|Kingery, William - MISSISSIPPI STATE|
Submitted to: Environmental Soil Mineralology
Publication Type: Book / Chapter
Publication Acceptance Date: July 15, 1999
Publication Date: N/A
Interpretive Summary: It was observed centuries ago that the capacity of a soil to produce crops was related, in varying degrees, to the amount of organic matter it contained. In the same manner that a farmer chooses dark-colored soils as those considered to be highly fertile, soil organic matter (SOM) is the foundation for economically feasible and environmentally sound land use. This chapter, which is contained in the book, 'Environmental Soil Mineralogy', is a summary of recent research findings on the formation, chemical properties, distribution in soils, and potential impact on environmental quality of soil organic matter. It is intended as a reference text for beginning graduate students in soil science and related fields. The chapter begins with a brief description of how the organic matter in soils, which is largely made up of carbon, forms an integral component of global cycling of carbon in the atmosphere, through plants and dother organisms, and in oceans, rivers and other water bodies on or within the earth's surface. This discussion includes the recognition of the role SOM plays in the processes affecting the so-called greenhouse gases, which is a clear implication for environmental quality. A description is also given of the general importance of carbon in environmental processes. These include problems in the use and management of organic wastes, like animal manure, and carbon-containing compounds used in industry and agriculture. These materials interact with SOM in diverse ways and may retain contaminants against loss to the environment or in some cases, may enhance their potential risks. It is clear from what is known about SOM, that it is important to understand both its microscopic characteristics as well as its behavior in the landscape to optimize the use of this important resource.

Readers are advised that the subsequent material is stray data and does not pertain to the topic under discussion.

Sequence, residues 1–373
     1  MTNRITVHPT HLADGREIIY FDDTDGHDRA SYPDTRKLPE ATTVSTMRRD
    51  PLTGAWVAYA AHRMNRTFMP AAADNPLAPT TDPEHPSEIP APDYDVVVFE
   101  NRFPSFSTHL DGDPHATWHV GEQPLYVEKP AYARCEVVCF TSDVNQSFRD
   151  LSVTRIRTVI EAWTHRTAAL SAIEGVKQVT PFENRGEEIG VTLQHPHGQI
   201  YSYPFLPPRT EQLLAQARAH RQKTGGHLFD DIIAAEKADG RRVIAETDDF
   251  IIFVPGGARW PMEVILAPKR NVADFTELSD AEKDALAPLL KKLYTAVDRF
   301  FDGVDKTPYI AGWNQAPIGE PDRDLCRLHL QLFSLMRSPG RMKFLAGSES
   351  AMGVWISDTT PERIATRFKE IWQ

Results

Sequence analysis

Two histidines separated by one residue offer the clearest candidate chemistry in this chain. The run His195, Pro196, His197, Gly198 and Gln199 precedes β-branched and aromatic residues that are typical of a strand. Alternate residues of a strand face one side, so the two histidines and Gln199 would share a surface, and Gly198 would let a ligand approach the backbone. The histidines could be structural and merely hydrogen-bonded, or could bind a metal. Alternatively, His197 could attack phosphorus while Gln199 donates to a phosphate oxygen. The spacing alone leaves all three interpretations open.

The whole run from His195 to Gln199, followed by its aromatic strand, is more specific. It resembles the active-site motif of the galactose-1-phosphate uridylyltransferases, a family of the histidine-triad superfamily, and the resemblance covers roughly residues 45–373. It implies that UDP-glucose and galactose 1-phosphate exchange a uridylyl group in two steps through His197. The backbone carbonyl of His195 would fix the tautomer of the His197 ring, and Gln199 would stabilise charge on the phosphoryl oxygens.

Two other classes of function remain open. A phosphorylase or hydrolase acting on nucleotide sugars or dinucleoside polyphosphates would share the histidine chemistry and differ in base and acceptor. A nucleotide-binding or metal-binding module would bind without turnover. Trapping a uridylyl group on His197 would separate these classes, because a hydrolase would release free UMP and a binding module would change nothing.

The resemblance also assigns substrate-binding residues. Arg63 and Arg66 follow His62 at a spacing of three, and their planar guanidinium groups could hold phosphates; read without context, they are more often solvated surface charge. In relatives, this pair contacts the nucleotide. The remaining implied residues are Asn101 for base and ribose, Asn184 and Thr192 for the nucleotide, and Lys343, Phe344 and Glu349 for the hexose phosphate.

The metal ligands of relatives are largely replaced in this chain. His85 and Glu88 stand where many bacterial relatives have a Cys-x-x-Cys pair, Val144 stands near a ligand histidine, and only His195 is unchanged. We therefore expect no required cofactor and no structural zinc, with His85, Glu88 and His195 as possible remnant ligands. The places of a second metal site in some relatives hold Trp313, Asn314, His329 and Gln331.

Technical Abstract: Soil organic matter (SOM) is one of the most important of natural resources and the basis of many reactions important to environmental quality. The term SOM refers to the total organic C-containing substances in soil encompassing live organisms, their remains, and microbially and/or chemically synthesized products. Probably any compound synthesized by living organisms can be found in SOM. The largest portion of SOM is made u of humic substances (HS) (80 to 90 percent) and polysaccharides (15 to 20 percent). Research on HS shows that chemical characteristics of humic acids (HAs) and fulvic acids (FAs) are reflective of the environmental setting in which they reside. Current concepts point to a pseudo-macromolecular nature of HS, which are considered to be self-associations of smaller molecules and somewhat micelle-like. There are many potential bonding mechanisms between natural organic (SOM) and inorganic (clay minerals) colloids, making their interaction the rule. There is sound evidence of compositiona differences between the OM associated with the different sized soil separates. These properties have an important bearing on environmental quality since aggregate stabilization is related to HS and soil polysaccharides. The soil C cycle plays a fundamental role in environmental quality as the loss from soil of anthropogenic compounds to water resources is one of the keystone issues to environmental quality. Many natural organo-mineral complexes profoundly influence the behavior of soil-applied organic chemicals and nearly every aspect of metal chemistry connected to metal OM-interactions. Finally, the C biogeochemical cycles of natural ecosystems interact and an understanding of their impact on one another is essential to proper environmental management.